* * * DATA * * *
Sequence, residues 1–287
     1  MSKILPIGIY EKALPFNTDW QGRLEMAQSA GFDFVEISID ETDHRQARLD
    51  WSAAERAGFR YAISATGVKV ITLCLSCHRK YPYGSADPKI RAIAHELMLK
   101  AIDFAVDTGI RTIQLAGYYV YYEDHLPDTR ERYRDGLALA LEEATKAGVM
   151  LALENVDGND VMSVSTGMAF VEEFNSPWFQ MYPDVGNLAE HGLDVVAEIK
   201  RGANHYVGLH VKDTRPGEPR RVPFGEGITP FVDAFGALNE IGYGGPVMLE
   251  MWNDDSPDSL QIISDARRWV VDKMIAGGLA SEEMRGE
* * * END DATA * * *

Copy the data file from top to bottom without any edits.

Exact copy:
Sequence, residues 1–287
     1  MSKILPIGIY EKALPFNTDW QGRLEMAQSA GFDFVEISID ETDHRQARLD
    51  WSAAERAGFR YAISATGVKV ITLCLSCHRK YPYGSADPKI RAIAHELMLK
   101  AIDFAVDTGI RTIQLAGYYV YYEDHLPDTR ERYRDGLALA LEEATKAGVM
   151  LALENVDGND VMSVSTGMAF VEEFNSPWFQ MYPDVGNLAE HGLDVVAEIK
   201  RGANHYVGLH VKDTRPGEPR RVPFGEGITP FVDAFGALNE IGYGGPVMLE
   251  MWNDDSPDSL QIISDARRWV VDKMIAGGLA SEEMRGE